On reading recently that Italian is the fastest disappearing language in America, my thoughts were mixed. I felt fleeting sorrow that such a beautiful lingo would be heard less. Between 2001 and 2017, there has been a reduction of 38 per cent — and this during a period when the proportion of Americans who speak a second language at home actually rose from 11 per cent to 22 per cent. But on the bright side, it demonstrates the assimilation of Italian-Americans, always an excellent thing for immigrants.
Last week’s Lancet report and its ‘planetary health diet’ of next to no red meat will have bolstered the egos of vegans who claim that they are doing the Earth a favour. But just how environmentally friendly are many of the alternatives favoured by vegans?
Fancy a bowl of quinoa, a grain stacked with amino acids, magnesium, phosphorous and iron, which in 2013 enjoyed the endorsement of the UN as a ‘superfood’? Not so fast.
As January — the month of penitence and tax returns — grinds towards its close, it would be foolish to imagine we can go back to a life of thoughtlessly eating, drinking and making merry. Dry January might give way to Wet February, as grateful drinkers furtively crack open the rioja, but the intense passions aroused by Veganuary now seem set to continue all year round.
Veganism — the shunning of meat, fish and all dairy products — was once regarded as a harmless but inconvenient hobby.
Ten days ago, Zimbabwe’s President, Emmerson Mnangagwa, hiked the price of petrol by 250 per cent, making it the most expensive in the world. There had been an acute fuel shortage for months and this move was supposed to ease the situation — presumably by making petrol beyond the reach of most in this impoverished country.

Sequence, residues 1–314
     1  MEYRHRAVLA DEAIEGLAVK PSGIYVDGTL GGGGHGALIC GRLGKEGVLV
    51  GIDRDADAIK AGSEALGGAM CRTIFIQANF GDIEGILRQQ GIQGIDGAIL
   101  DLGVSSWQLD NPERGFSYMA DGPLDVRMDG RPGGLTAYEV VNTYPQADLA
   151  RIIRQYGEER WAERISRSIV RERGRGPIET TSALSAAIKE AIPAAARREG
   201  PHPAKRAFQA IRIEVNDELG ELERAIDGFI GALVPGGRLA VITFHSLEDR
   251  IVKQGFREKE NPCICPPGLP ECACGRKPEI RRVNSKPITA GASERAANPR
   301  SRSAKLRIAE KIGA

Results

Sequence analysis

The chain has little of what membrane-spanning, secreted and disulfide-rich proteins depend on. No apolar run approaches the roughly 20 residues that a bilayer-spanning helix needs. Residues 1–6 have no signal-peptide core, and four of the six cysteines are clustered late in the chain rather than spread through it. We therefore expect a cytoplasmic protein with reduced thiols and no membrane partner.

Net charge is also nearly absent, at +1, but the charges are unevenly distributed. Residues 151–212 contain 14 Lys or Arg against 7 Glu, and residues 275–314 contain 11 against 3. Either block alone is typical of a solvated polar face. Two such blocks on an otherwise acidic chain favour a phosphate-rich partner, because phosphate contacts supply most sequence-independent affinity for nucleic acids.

Mnangagwa then jetted off to Russia and Kazakhstan, a warm-up tour for his gig at Davos.
When I was called to the Bar in 1967, the aim was to be appointed as a judge to the High Court. It was the destination to which all ambitious barristers not only should but would aspire. The job offered security, the conventional knighthood, an avenue to public service and a modicum of public power. But there is now an unprecedented and growing shortfall in candidates of adequate quality. Where did it all go wrong?
This development hasn’t appeared from nowhere.
Justin Welby is working in Thomas Cranmer’s old study in Lambeth Palace, a room that looks as if it hasn’t changed at all since the Book of Common Prayer was written here almost six centuries ago. It feels like a mini-monastic retreat: there is a desk, a crucifix, several Bibles and not much else. The 105th Archbishop of Canterbury studies and prays here, deciding how best to lead a national church whose Sunday services are now attended (according to its own figures) by barely 1 per cent of England’s population.
Somehow I had managed more than a quarter of a century in journalism without ever going to Davos. It had become almost a badge of honour, the one gathering of global nabobs I had been able to dodge year after year. But here I am in the mountains of Switzerland, a new boy amid the pilgrims come to worship at the altar of globalisation. I am international by profession and inclination — could a diplomatic correspondent be anything else? — but I can report that this annual meeting of the world’s great and good makes itself easy to lampoon.
Constable painted only three religious paintings, and when you see the one in St Mary’s Church in Dedham you realise why. The Ascension is a tricky topic, even for a master painter like John Constable, and his Jesus Christ looks distinctly awkward as he ascends into heaven — like a bloke at a toga party trying to dance to the house band. Never mind. Here in Dedham you can wander through the subtle East Anglian scenery he painted, and marvel at a nirvana that remains virtually unchanged.